The blockbuster three-team Kevin Love trade between the Minnesota Timberwolves, Cleveland Cavaliers and Philadelphia 76ers has already been agreed to in principle, but since the deal can’t be completed until Saturday, the Phoenix Suns are making one last, desperate attempt at snagging the three-time All-Star for themselves.
According to ESPN’s Brian Windhorst and Ramona Shelburne, the Suns have reached out to the Timberwolves to inquire about a sign-and-trade scenario involving restricted free agent Eric Bledsoe that would bring Love to Phoenix.
This late gambit by the Suns to acquire one of the top 10 players in the NBA might be too late, however, since Minnesota already has quite an attractive offer in front of them. The Cleveland Cavaliers are willing to give up their two former No. 1 draft picks – Anthony Bennett and Andrew Wiggins – in an effort to pair LeBron James and Kyrie Irving with Love, not to mention they’re offering first round pick from the Miami Heat that Cleveland acquired in the LeBron James sign-and-trade years ago.
By involving the Sixers, Minnesota would also be bringing in a power forward replacement for Love in Thaddeus Young, though it’s hard to believe he’d stick around once he becomes an unrestricted free agent. Aside from giving up Love, who was as good as gone next summer anyway, all the Timberwolves would be giving up in this scenario is Alexey Shved, Luc Mbah a Moute and that first round pick from the Heat.
However, engaging in a deal with the Suns might not be a terrible idea either. Though Wiggins and Bennett both have a fair amount of potential, they’re mostly unproven rookies/sophomores with limited experience. They need a lot of grooming still, whereas Bledsoe is someone who can come in right away and contribute. The Wolves already have a point guard in Ricky Rubio, but Bledsoe showed last year with Goran Dragic that he’s more than capable of playing alongside another talented guard.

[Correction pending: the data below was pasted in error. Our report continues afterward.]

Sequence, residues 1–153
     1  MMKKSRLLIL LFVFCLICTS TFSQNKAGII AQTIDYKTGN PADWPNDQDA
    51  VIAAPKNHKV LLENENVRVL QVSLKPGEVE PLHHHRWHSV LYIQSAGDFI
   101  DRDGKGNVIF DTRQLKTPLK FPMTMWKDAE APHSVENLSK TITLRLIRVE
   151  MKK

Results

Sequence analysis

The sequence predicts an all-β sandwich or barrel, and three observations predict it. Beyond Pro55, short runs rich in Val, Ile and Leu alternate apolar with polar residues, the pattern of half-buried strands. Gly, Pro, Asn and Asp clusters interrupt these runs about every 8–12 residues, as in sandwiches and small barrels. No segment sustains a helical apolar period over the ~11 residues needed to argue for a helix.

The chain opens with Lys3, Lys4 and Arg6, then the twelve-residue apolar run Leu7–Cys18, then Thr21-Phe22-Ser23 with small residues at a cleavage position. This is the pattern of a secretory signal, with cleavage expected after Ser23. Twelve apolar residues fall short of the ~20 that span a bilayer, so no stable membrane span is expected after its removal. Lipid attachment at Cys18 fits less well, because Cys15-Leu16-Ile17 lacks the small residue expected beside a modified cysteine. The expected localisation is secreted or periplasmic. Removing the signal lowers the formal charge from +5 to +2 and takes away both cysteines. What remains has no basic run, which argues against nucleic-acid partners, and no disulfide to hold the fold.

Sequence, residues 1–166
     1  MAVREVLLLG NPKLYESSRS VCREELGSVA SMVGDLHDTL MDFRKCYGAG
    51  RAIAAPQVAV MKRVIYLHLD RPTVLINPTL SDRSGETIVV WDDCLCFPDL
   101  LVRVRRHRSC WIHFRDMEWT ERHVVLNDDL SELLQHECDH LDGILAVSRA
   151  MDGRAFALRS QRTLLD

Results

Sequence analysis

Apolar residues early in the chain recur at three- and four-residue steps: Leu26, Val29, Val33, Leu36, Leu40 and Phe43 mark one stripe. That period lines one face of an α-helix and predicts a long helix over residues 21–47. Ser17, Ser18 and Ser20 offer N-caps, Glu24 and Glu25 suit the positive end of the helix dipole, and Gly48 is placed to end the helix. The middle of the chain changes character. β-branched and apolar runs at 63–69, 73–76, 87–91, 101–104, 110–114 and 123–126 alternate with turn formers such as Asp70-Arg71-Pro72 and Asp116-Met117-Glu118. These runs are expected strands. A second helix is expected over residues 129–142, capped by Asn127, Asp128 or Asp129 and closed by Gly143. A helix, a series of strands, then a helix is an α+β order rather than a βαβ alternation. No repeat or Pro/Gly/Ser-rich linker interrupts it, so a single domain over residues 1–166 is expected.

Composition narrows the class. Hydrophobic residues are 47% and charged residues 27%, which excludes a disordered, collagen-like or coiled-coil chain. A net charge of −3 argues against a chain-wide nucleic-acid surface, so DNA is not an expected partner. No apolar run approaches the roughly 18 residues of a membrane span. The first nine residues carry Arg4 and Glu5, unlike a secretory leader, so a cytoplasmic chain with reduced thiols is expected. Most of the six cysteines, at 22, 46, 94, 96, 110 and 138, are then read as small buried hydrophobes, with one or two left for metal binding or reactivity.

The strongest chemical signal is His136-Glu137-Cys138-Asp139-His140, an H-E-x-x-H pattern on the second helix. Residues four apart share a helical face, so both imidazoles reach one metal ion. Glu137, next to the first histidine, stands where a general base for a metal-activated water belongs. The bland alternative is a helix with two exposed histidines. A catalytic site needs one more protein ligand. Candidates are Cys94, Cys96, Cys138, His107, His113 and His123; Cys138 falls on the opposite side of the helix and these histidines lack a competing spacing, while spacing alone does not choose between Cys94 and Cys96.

The Timberwolves like Bledsoe, but certainly not enough to bail on the 3-team deal in place. Things go forward as planned
— Jon Krawczynski (@APkrawczynski) August 22, 2014
The other benefit to trading with the Suns is that Phoenix has four first round draft picks over the next two years, which means the Timberwolves would almost certainly getting one or two in exchange for Love. General manager Ryan McDonough’s strongest selling point right now is that he can offer Bledsoe, a star on the rise right now, along with picks to help with the rebuilding process. Acquiring Wiggins, Bennett and Young is nice on paper, but that rebuilding process could amount to a wild shot in the dark and a player who walks as soon as he gets the chance.
There are definitely some complications to such a deal, however. Bledsoe would have to agree to a sign-and-trade, and he’s been quite the unrealistic stickler about contract negotiations this summer. Though Phoenix offered him a reasonable four-year, $48 million contract this summer, Bledsoe wanted a five-year, $85 million max deal. In lieu of a more favorable option, Bledsoe was considering taking the Suns’ $3.7 million qualifying offer to become an unrestricted free agent in 2015. In any sign-and-trade scenario, Bledsoe would want a max deal, which would be four years and $64 million.
Taking the Suns’ qualifying offer is a move that would come with significant risks for Bledsoe, who only played 43 games last season after his second major knee surgery in three years. The talent is definitely there, as shown by his 17.7 points, 5.5 assists and 4.7 rebounds per game in his first season as an NBA starter last year. The question for Flip Saunders and the Wolves now becomes: Is an injury-prone potential star worth a max contract? Or is taking a chance with young talent the better path?
For Minnesota, the wisest choice seems like taking the offer already on the table from the Cavaliers and Sixers, at least until we know what other sweeteners Phoenix intends to throw in the pot. There’s no harm in the Suns going for the Hail Mary at the last possible second here, but there’s a good chance it’s already too late.